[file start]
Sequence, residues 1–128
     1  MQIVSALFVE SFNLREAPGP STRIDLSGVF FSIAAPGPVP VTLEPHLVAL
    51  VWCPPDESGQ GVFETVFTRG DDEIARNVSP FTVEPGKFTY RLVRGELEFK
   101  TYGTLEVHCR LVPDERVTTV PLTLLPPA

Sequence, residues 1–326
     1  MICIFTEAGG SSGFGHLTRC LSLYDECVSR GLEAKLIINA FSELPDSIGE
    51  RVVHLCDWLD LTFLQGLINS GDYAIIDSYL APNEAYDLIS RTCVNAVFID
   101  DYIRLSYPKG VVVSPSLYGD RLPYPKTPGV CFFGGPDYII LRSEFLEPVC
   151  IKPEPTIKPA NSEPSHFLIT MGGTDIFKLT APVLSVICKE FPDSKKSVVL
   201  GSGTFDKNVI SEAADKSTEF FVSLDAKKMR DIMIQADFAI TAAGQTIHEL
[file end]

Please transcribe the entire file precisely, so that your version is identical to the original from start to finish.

Sequence, residues 1–128
     1  MQIVSALFVE SFNLREAPGP STRIDLSGVF FSIAAPGPVP VTLEPHLVAL
    51  VWCPPDESGQ GVFETVFTRG DDEIARNVSP FTVEPGKFTY RLVRGELEFK
   101  TYGTLEVHCR LVPDERVTTV PLTLLPPA

Sequence, residues 1–326
     1  MICIFTEAGG SSGFGHLTRC LSLYDECVSR GLEAKLIINA FSELPDSIGE
    51  RVVHLCDWLD LTFLQGLINS GDYAIIDSYL APNEAYDLIS RTCVNAVFID
   101  DYIRLSYPKG VVVSPSLYGD RLPYPKTPGV CFFGGPDYII LRSEFLEPVC
   151  IKPEPTIKPA NSEPSHFLIT MGGTDIFKLT APVLSVICKE FPDSKKSVVL
   201  GSGTFDKNVI SEAADKSTEF FVSLDAKKMR DIMIQADFAI TAAGQTIHEL